If You Like That, Try This: “Shades of Magic” Edition!

Tickets on sale starting July 3

If You Like That, Try This is a meme in which I recommend things based on other things (i.e. if you like one book, you’ll probably like this similar book). It’s a great way to introduce people to some great stories they may have missed out on.

Today I’m recommending books based on

Shades_of_Magic_trilogy

If you like Shades of Magic by V.E. Schwab, then you’re sure to enjoy these other great books and series.


  1. Neverwhere by Neil Gaiman

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If what you liked about Shades of Magic was the atmosphere and parallel Londons, you’ll adore this book. Neverwhere has the exact same atmosphere and the quirky, magical world of London Below.

Both series (because Neverwhere is getting a sequel) also feature colorful characters, like the well-meaning protagonist who gets himself into sticky situations, the capable heroine, and the cunning ne’er-do-well. The setting itself is a character in both stories. These characters (setting included) are what keep you reading more than the plot.

If Shades of Magic spoke to your soul on a deep level, please read Neverwhere. I promise it will become one of your favorite books of all time.

I’d even argue that Schwab readers will love Gaiman in general, but I’m dealing in specifics today.


  1. Daughter of Smoke and Bone by Laini Taylor

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If what you like about Shades of Magic was the unique mythology and romance, then this series will be right up your alley. Daughter of Smoke and Bone has one of the most unique world-building and characters I’ve ever read about. And the romance? It’ll have you swooning.

What’s more, the writing style is to die for. While Schwab tends to be a bit more straightforward than Taylor’s lyrical and flowery writing, both authors paint a vivid picture with their word choice. They’re two sides of the same coin.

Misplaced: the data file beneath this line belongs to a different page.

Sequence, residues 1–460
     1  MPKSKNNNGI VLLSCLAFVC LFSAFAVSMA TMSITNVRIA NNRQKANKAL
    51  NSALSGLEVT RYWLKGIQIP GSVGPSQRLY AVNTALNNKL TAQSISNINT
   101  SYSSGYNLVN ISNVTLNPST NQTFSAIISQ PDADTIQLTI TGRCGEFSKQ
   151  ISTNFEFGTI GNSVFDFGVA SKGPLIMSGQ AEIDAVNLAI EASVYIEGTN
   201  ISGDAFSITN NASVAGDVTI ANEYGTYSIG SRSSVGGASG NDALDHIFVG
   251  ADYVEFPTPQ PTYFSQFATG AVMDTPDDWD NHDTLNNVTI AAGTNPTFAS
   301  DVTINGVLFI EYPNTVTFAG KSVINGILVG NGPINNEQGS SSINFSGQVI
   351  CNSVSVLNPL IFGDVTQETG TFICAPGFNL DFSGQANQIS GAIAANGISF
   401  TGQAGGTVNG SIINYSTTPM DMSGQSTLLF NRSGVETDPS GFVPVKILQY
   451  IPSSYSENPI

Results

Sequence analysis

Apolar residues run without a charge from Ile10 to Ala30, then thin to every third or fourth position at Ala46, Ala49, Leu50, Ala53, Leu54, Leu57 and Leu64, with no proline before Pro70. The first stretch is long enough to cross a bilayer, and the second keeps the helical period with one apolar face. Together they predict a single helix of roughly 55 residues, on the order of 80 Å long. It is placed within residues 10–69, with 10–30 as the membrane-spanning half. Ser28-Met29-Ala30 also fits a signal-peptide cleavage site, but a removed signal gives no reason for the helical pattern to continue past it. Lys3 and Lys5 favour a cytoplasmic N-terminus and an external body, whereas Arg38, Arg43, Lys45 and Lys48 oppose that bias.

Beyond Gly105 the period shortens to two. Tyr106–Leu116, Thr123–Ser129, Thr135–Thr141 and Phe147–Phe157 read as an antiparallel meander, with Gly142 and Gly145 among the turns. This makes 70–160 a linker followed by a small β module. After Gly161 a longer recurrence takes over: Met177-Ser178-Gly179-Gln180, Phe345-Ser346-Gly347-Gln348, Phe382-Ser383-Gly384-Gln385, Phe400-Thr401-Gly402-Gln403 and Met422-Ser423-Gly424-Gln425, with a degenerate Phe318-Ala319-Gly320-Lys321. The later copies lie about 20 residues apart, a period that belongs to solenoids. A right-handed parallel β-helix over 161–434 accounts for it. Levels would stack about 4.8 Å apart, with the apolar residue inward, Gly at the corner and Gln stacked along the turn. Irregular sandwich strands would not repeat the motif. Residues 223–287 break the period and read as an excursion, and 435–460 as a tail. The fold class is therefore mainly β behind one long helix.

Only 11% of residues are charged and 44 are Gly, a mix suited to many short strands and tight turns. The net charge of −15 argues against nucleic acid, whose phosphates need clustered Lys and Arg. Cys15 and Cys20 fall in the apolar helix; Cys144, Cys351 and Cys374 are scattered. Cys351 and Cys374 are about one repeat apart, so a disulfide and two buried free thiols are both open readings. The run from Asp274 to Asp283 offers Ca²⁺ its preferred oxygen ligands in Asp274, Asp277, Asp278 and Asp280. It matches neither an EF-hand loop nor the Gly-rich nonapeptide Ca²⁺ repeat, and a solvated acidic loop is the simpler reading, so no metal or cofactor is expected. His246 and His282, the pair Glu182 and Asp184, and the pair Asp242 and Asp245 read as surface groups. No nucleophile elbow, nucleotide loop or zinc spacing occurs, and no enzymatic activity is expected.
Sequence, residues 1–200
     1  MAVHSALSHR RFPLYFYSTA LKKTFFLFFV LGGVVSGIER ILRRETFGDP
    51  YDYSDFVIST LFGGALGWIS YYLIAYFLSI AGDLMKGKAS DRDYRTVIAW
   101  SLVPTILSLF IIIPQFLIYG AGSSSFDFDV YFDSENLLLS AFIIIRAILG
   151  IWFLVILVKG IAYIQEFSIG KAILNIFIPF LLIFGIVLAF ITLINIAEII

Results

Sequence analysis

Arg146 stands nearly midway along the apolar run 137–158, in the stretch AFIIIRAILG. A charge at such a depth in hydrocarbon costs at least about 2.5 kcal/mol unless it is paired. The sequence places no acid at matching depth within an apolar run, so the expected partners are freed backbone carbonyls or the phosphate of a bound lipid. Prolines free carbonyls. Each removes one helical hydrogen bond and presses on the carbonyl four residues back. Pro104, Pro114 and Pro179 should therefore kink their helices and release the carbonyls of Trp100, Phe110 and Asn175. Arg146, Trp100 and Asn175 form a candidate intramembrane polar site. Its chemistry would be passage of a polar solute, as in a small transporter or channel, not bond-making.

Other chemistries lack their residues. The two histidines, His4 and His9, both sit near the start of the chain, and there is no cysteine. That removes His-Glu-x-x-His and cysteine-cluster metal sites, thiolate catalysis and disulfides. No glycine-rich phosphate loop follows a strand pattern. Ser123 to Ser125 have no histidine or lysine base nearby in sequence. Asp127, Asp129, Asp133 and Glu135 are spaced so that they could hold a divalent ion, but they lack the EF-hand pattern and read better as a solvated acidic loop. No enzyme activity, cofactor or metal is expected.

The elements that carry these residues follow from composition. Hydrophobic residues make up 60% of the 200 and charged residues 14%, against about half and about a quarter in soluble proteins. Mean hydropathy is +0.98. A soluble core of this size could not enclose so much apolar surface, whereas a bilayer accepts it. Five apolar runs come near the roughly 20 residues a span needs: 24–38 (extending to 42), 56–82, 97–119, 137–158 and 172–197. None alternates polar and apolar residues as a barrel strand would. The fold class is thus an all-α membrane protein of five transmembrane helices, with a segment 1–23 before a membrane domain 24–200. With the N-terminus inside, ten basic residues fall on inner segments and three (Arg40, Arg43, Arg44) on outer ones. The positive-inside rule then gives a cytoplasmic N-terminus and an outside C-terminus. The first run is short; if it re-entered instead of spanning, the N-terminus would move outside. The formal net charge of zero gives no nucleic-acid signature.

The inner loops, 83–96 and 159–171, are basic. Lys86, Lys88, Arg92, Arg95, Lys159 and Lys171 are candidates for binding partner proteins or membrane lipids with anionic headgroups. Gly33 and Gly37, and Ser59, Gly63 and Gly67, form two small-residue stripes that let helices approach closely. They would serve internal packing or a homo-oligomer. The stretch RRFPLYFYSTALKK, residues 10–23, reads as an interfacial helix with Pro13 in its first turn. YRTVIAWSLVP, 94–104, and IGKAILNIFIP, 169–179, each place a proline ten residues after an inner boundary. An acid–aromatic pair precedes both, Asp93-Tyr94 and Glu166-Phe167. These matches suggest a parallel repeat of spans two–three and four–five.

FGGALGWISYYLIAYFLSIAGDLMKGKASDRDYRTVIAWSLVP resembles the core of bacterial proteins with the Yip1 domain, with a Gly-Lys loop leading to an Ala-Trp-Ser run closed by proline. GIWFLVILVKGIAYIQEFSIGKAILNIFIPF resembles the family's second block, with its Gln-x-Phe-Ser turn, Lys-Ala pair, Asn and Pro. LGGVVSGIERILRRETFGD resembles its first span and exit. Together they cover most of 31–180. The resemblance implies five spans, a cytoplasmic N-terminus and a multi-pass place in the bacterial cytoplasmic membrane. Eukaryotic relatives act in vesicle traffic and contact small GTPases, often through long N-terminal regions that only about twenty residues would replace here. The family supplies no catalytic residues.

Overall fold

Daughter of Smoke and Bone is a beautiful trilogy with characters and ships that’ll tug at your heartstrings. Sound familiar? That’s Shades of Magic in a nutshell.

I also recommend Strange the Dreamer, but I’ve used it in an IYLTTS post before.


  1. The Shadow of the Wind by Carlos Ruiz Zafón

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If what you like about Shades of Magic was the complex morality and the characters’ drive, then you absolutely must read this book. Not only does it have a great atmosphere, but it’s a fantastic character-driven tale.

This novel gets nearly as dark and twisted as A Conjuring of Light does, albeit in a far less magical way (The Shadow of the Wind is historical fiction, after all). Instead of a search to defeat a great evil, it’s a search for the truth (while hiding from a great evil).

This novel is just as impactful as Shades of Magic. Perhaps more, seeing as its based in real Spanish history. Either way, you must read this for an unforgettable experience.

This is also a great book for people who don’t read a lot of historical fiction.


  1. His Dark Materials by Philip Pullman

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If what you like about Shades of Magic was the existence of worlds like but unlike our own, you’ll love this series. Ostensibly middle grade, the writing is timeless enough to appeal to people of all ages— not unlike the wide appeal of Shades of Magic.

Lyra’s world is a world very similar to our own, except that everyone has a daemon (a spirit creature bound to every human). In The Subtle Knife, Lyra and her daemon Pantalaimon travel to a parallel world.

Lyra even feels like an amalgamation of Kell and Lila. And she’s surrounded by other wonderful and memorable characters, people who influence and oppose her (whether child or adult). This story is a story meant for everyone.

I’d even argue I like this story more as an adult than I would have as a kid.


  1. Jane, Unlimited by Kristin Cashore

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If what you like about Shades of Magic was seeing how different levels of magic change the different Londons, give this thought-provoking novel a try. It’s basically a story with five parallel universe, each splitting off from one seemingly innocuous choice.

It’s also interesting to see how each one is interconnected with the others. After all, each timeline is happening even if our protagonist Jane isn’t involved. They ultimately don’t have any bearing over each other, but influence the story all the same.

Mind-blowing stories can be hard to come by, but Shades of Magic and Jane, Unlimited both deliver in spades. One makes you think, the other makes you feel. Both make you love them.

I don’t have anything extra to add, but I did this on all the others.


What books do you recommend for Shades of Magic fans? Tell me about them in the comments!


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2 thoughts on “If You Like That, Try This: “Shades of Magic” Edition!

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